Books in Brief: Sergio de la Pava, Rose George, Simon Critchley and Jamieson Webster

Three new books you may have missed.

A Naked Singularity
Sergio De La Pava
A Naked Singularity was originally self-published by its author, a New York public defence lawyer, in 2008. The University of Chicago Press republished it in 2012 after a positive reaction online and slowly growing sales. Now, the book is front and centre in indie bookshop windows across Europe, bolstered by praise from critics who applaud De La Pava’s Pynchonian energy, inventiveness and hysterical cast of lawbreakers (and makers). The novel tells the story of Casi, a lawyer on the front line of America’s war on drugs, licking his wounds after his first defeat. The narrative takes the form of a slippery, disorganised projection of the New York justice system, a verbal descent into madness.
MacLehose Press, 864pp, £20 
 
Deep Sea and Foreign Going: Inside Shipping, the Invisible Industry that Brings You 90 Per Cent of Everything
Rose George
 
“Friday. No sensible sailor goes to sea on the day of the Crucifixion, or the journey will be followed by ill-will and malice.” The first two sentences of Rose George’s book prepare the reader for timetables, ships and superstition. It is a travelogue of sorts, written in clear, straightforward English, about the people, pirates and machinery that make up the modern maritime industry: a series of complex, ancient and solitary traditions hidden from most, but as vital to life as ever.
Portobello Books, 308pp, £14.99 
 
The Hamlet Doctrine: Knowing Too Much, Doing Nothing
Simon Critchley and Jamieson Webster
 
In her essay “On Being Ill”, Virginia Woolf said that “rashness” was essential for appreciating Shakespeare, whose work was heavily guarded by patrician literary critics. “Illness,” she wrote, “in its kingly sublimity, sweeps all that aside and leaves nothing but Shakespeare and oneself.” Critchley and Webster write about Hamlet in short, vitriolic chapters, proposing a series of darkly intelligent questions and asserting Ophelia’s place as the real hero of the play. It is an ode to the spirit of “rashness”.
Verso, 288pp, £14.99
Eyes down, look in: Book shoppers in Munich. Photograph: Getty Images.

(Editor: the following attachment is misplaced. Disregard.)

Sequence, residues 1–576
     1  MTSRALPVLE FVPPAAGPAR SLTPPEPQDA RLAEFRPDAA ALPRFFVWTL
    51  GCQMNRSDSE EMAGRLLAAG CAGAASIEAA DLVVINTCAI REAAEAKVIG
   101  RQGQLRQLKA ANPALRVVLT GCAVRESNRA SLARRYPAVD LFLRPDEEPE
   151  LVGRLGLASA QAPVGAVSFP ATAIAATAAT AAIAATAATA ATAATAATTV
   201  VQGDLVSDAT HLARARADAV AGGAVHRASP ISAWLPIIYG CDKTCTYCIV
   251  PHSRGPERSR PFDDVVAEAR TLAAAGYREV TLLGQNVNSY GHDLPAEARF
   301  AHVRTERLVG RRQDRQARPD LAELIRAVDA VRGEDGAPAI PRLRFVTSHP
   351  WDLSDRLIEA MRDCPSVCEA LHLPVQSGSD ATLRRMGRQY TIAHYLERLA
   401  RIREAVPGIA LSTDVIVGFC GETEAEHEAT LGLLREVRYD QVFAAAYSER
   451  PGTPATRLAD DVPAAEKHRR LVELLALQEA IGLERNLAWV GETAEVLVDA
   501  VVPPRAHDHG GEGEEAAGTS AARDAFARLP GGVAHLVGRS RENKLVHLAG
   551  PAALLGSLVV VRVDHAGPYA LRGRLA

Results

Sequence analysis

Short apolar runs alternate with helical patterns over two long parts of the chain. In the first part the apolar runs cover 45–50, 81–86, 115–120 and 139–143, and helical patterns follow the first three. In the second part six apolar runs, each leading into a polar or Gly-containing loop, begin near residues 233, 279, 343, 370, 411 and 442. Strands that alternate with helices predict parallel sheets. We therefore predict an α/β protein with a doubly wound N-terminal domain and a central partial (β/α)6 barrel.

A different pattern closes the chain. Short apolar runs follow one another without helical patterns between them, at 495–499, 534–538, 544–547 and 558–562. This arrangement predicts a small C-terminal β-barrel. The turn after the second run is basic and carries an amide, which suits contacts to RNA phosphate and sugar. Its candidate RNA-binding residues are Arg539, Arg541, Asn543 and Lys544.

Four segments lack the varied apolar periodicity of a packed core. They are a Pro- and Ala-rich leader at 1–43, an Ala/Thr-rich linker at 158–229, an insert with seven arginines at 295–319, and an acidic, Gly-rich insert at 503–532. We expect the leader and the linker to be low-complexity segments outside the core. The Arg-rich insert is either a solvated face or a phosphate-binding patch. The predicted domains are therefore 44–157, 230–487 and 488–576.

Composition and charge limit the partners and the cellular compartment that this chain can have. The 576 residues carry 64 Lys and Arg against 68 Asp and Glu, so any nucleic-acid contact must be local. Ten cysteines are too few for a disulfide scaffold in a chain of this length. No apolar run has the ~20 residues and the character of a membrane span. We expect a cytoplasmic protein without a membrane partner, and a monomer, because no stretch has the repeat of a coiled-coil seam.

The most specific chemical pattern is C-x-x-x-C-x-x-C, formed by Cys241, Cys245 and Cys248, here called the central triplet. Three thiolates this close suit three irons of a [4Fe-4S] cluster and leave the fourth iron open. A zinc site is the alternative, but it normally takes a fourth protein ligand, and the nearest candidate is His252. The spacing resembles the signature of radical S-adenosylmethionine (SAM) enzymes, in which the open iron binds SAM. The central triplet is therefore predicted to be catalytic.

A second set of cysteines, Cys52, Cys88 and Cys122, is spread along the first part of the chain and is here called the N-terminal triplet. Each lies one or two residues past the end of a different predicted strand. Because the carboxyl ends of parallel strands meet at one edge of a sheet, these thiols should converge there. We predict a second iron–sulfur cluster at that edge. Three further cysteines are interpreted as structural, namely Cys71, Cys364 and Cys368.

Philip Maughan is a freelance writer in Berlin and a former Assistant Editor at the New Statesman.

This article first appeared in the 16 September 2013 issue of the New Statesman, Syria: The deadly stalemate

Show Hide image

Young and Promising is the next best new TV comedy about “struggling millennials”

It’s Norwegian, subtitled, gently funny and very honest.

You know things are bleak when every mainstream comedy derives its humour from just how fucked up it is to be young today. Girls, Broad City, Search Party, Insecure, Fleabag, Love, This Country, You’re The Worst... the list of on-screen women in their 20s “just doing their best to figure it all out” is endless.

Over on Channel 4 tonight, a new overgrown child of the genre debuts, albeit one with a slight difference. Young and Promising (or Unge Lovende) makes its way to mainstream UK TV from Norway’s NRK (the channel that brought us Skam, the best teen drama of the decade) as part of All 4’s Walter Presents programme, which offers a chance to experience shows from around the globe. It’s Norwegian, subtitled, gently funny and very honest.

Young and Promising is written by its lead actress, Siri Seljeseth, who plays Elise, an aspiring comedian based in LA who returns home to Oslo to renew her tourist visa. The show also follows her two best friends (played by Seljeseth’s real friends from the Nordic Institute of Stage and Studio): Nenne (Gine Cornelia Pedersen), a waitress and unpublished fiction writer, and Alex (Alexandra Gjerpen), who is at the crucial stages of auditions for the Norwegian National Academy of Theatre for the fourth year in a row. 

It’s Elise whom we see the most of in tonight’s opening double-bill, which follows her from LA to the US Embassy in Oslo as she tries to get back to California. In Norway, it watches her struggle to handle a relationship she had left hanging, with her ruggedly handsome best friend Anders, whom she slept with the night before she first left for LA. It’s her home life, however, that’s most intriguing: her domineering father has cheated on her nervous, psychoanalytic mother and is having a baby with another woman. Who? “I don’t think that is relevant in this situation,” he insists. “This won’t affect you in a greater extent.” 

Meanwhile, Nenne is rejecting male publishers who fetishise her work as a new cool feminist voice. She uses her waitressing job to her advantage, assisting a senior publisher suffering from alcohol-induced vomiting and diarrhea in order to call in a favour later. But it’s Alex who has the stand out plotline, with some of the most complex and moving scenes of the show. She is simultaneously the most ambitious and most disillusioned character, played at breaking point by Gjerpen. When, in a key audition, her male scene partner suddenly forces his hand between her thighs, she snaps, and spends the rest of the episode lurching between hot tears of guilt over losing the scene, and painful conversations with peers about “being in character”.

Young and Promising has drawn countless comparisons to Girls, as any new show about mid-20s creative women does, but it’s friendlier, less cinematic and more down to earth than much of that series. The laughs don’t hit as hard, but its lead characters are fundamentally much more likeable. If you’re a struggling millennial comedy addict, or searching for something to fill the Norwegian hole Skam left in your life, Young and Promising is for you.

Anna Leszkiewicz is a pop culture writer at the New Statesman.